Retrofitting older tractors with the latest technology has it advantages, but it comes down to evaluating the technology on offer and determining if or where they fit into an operation. CPM looks at a few of the options.

There’s less overlap, compaction and I know my valuable input is going in the right place.

By Jane Brooks

There are numerous retrofit guidance systems on the market, from simple light bars through to full autosteer applications. If the technology works reasonably well on older equipment, in some circumstances it might actually be more economical to retrofit than to buy new.

Entry level steering

Andrew Williams of AS Communications is uniquely positioned to talk about Trimble steering systems because his father’s own 1985 David Brown 1394 tractor is fitted with a Trimble CFX-750 display which is running with an EZ-Pilot assisted steer system.

Trimble’s EZ-Steer entry-level steering system uses a friction wheel and motor to turn the steering wheel.

“I’ve been using it on an RTK signal for just over a year and it’s highly accurate. We’re grassland farmers so don’t really need RTK, it’s a luxury and I do work for a firm that supplies them. I have field boundary maps and I let the system steer me when I’m in the field, I find there’s less overlap, compaction and certainly when I’m spreading fertiliser I know my valuable input is going in the right place,” he says.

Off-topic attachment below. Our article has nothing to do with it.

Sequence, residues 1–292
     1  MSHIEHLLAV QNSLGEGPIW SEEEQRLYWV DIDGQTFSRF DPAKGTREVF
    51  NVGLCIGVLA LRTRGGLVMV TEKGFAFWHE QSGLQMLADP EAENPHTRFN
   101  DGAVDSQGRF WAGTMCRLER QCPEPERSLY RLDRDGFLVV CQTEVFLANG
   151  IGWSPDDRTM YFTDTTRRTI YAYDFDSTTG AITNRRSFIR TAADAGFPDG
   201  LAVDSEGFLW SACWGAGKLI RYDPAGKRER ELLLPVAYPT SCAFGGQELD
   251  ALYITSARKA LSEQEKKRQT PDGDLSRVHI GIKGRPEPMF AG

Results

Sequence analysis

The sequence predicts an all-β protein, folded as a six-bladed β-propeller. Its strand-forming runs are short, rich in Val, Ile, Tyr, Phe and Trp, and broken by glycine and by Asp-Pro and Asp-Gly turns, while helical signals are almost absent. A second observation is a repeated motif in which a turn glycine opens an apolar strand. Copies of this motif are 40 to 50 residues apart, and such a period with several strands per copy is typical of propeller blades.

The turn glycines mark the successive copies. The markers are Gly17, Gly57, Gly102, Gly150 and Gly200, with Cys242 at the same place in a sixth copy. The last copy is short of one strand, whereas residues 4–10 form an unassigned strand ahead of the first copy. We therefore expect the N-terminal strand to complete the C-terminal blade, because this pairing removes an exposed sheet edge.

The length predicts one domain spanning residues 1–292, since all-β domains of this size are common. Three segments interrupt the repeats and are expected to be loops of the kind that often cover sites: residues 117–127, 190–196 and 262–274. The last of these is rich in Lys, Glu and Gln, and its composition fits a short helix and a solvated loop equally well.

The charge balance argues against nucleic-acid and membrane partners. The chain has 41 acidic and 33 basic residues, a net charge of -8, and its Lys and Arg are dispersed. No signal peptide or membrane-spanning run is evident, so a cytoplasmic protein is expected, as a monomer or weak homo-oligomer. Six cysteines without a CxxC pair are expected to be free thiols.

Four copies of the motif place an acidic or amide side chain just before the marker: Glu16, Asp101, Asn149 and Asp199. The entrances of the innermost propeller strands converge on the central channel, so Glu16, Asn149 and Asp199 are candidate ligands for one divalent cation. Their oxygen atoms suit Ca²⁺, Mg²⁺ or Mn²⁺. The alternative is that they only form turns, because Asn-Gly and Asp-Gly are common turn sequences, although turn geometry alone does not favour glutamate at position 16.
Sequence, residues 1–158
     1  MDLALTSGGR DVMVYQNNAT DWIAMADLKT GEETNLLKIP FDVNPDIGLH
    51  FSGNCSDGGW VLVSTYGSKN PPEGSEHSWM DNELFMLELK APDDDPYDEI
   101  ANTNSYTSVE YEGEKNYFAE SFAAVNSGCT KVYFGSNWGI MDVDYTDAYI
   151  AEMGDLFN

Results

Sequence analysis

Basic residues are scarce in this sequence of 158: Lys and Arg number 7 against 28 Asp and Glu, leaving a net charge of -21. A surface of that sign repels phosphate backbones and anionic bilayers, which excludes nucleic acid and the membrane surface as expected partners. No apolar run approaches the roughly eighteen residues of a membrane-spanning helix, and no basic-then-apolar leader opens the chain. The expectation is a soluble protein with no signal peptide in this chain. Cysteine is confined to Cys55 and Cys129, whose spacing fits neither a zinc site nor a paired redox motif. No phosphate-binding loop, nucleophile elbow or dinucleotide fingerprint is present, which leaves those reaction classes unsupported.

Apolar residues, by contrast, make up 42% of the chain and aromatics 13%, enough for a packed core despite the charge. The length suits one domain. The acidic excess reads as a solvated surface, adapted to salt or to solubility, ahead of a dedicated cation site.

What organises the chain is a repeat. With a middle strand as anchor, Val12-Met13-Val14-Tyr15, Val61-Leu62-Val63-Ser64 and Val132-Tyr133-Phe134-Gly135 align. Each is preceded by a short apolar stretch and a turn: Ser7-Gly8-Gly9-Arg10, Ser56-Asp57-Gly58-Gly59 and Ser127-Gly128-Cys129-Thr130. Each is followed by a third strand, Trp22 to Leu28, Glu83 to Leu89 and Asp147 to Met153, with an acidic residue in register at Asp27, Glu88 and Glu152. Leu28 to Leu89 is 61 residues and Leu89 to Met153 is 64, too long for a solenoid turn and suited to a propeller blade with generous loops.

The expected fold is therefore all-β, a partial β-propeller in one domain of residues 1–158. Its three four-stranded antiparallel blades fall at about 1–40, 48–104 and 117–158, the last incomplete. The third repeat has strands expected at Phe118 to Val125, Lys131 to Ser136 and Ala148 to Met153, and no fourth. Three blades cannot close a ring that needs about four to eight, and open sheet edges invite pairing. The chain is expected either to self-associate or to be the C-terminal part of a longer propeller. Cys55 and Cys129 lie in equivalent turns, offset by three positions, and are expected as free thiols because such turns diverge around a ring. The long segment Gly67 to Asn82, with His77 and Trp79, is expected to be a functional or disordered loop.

“It took me about a day to fit it, but normally we would get our engineers to fit the system for a customer. We can fit steering systems and screens to practically any tractor, it can then work from a prescription map using the generic shape file format to apply variably if required with a compatible machine.”

A CFX-750 and EZ-Pilot system with the steering would cost roughly £7300 + VAT including fitting with two years’ warranty and support.

Trimble’s EZ-Steer entry level steering system uses a friction wheel and motor to turn the steering wheel. Taking its guidance from any Trimble display, this system costs from £4300 + VAT including display and installation.

The assisted steering and automated system compatible CFX-750 is a mid-sized 20.3cm full colour touchscreen display, with a built-in LED lightbar, two video camera inputs and integrated GPS/GNSS receivers.

Field-IQ system compatible, the CFX-750 has USB and wireless data-transfer capability.